We provide evidence that prenatal removal of a rat forelimb results in both a disruption of the anatomical representation which would normally correspond to the forepaw and in an enlargement of the adjacent hindpaw representation in the brainstem and cortex. This enlargement, which in some cases is as much as 100%, only occurs following complete forelimb amputation on embryonic day 17 (E17) or earlier. This coincides with the age at which forepaw afferents first arrive in the brainstem, suggesting to us that the expansion is permitted in part because ingrowing hindpaw afferents are in the presence of cuneate cells which have never been previously innervated; in animals older than E17, the expansion is prohibited by either an intrinsic age-dependent change in the cuneate cells, or a change imposed upon them by forelimb afferents.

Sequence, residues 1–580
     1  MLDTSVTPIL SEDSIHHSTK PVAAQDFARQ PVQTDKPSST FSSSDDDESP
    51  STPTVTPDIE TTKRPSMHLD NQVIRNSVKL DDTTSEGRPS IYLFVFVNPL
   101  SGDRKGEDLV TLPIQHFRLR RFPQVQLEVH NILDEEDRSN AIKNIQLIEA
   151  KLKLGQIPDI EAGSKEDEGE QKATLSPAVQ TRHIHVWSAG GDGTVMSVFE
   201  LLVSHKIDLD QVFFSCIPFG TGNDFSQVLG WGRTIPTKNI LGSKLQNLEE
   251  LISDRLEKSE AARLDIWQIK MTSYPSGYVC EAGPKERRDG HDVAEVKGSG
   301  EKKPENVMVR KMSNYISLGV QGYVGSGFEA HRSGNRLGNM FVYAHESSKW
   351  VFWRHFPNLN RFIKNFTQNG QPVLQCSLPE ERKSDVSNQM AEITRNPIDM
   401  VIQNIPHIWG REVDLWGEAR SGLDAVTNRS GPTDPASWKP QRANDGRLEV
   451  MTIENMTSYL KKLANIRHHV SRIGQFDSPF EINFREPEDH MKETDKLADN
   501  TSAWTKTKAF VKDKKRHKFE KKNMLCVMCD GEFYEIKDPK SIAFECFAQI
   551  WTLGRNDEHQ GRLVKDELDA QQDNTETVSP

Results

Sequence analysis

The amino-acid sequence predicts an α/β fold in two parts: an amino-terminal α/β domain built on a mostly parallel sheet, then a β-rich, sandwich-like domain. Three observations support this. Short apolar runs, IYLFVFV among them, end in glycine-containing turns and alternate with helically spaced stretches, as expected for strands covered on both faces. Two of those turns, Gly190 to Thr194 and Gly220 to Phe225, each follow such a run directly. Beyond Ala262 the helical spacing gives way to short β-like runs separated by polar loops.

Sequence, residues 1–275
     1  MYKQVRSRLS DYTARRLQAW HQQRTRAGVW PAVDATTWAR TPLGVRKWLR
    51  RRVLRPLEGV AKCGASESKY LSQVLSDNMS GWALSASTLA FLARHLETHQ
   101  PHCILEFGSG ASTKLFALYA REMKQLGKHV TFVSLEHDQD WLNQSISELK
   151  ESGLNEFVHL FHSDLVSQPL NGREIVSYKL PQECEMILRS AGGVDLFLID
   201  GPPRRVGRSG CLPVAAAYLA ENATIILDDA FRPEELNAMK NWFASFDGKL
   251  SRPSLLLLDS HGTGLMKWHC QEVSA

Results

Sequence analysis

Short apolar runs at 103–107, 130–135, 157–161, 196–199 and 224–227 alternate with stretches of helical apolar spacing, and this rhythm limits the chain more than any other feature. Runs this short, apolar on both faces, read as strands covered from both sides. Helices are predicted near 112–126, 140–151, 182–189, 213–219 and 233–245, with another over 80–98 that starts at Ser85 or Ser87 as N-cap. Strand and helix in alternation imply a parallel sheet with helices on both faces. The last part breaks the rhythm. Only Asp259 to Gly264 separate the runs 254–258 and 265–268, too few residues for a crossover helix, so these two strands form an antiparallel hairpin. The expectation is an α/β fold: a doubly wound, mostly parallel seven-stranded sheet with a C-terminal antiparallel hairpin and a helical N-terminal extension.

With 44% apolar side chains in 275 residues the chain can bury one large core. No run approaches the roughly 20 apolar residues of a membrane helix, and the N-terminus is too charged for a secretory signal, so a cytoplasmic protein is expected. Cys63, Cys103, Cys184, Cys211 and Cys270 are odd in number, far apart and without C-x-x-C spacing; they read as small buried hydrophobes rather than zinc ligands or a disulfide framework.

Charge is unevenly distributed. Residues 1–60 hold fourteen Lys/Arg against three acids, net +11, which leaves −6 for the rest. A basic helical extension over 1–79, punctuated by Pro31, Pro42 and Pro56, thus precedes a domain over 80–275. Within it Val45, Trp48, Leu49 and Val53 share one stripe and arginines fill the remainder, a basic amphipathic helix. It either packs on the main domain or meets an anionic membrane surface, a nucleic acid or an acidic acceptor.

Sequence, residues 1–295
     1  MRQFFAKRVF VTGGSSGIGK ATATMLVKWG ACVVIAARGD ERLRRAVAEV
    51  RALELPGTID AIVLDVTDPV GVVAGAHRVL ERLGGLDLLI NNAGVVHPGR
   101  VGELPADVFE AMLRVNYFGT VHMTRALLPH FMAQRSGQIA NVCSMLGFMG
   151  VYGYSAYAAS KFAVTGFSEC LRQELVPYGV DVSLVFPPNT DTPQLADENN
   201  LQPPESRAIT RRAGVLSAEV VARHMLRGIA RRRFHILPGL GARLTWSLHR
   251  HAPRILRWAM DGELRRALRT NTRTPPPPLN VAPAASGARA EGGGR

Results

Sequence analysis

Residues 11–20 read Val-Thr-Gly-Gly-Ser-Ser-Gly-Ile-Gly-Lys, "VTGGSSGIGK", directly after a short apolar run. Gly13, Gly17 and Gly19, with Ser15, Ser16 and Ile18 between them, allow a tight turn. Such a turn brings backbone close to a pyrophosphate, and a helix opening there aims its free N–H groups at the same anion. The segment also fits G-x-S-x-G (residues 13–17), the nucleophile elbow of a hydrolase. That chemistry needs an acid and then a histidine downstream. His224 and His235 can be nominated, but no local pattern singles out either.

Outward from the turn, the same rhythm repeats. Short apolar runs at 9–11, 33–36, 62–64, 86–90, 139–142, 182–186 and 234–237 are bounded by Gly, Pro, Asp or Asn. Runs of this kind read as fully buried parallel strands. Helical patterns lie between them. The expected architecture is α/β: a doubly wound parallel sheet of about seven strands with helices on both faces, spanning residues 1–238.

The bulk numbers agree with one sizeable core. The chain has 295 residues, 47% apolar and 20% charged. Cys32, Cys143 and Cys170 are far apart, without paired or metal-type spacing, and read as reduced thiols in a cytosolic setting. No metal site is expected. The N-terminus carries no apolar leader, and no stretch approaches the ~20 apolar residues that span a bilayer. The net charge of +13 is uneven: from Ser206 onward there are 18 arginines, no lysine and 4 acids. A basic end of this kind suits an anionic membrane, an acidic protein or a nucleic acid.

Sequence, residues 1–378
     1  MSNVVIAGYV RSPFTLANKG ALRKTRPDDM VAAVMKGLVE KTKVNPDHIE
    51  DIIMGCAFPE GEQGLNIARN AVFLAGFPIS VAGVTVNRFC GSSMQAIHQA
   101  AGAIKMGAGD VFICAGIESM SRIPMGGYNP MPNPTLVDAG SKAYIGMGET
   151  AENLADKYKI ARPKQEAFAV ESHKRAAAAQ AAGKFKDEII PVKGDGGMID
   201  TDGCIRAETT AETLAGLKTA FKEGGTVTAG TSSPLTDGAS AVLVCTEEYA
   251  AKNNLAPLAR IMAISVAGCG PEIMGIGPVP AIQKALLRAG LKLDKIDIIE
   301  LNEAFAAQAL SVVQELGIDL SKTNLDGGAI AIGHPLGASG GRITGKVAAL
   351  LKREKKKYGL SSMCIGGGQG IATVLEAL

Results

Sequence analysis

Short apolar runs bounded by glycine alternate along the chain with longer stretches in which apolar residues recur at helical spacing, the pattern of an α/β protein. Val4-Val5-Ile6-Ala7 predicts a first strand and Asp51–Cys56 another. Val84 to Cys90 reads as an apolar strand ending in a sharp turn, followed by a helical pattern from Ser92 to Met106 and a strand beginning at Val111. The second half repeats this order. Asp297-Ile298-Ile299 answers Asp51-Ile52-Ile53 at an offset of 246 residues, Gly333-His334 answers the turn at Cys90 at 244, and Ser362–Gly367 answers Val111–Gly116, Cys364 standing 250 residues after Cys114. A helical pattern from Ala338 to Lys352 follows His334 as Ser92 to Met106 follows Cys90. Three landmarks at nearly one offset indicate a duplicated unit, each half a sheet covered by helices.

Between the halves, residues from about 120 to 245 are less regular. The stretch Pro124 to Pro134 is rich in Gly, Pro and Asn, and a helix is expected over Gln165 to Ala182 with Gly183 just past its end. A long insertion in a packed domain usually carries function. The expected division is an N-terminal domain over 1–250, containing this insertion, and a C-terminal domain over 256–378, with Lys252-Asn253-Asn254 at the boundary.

The number of cells in dorsal root ganglia subserving the expanded hindpaw areas does not differ from normal suggesting that the expansion of hindpaw territory within the brainstem reflects an increased terminal arborization by a normal complement of primary hindpaw afferents.
We interpret the cortical enlargement to be an upstream reflection of the brainstem events. In cortex, the enlargement seems to result from an invasion of the dysgranular cortex by thalamic afferents arising from the ventral posterior nucleus.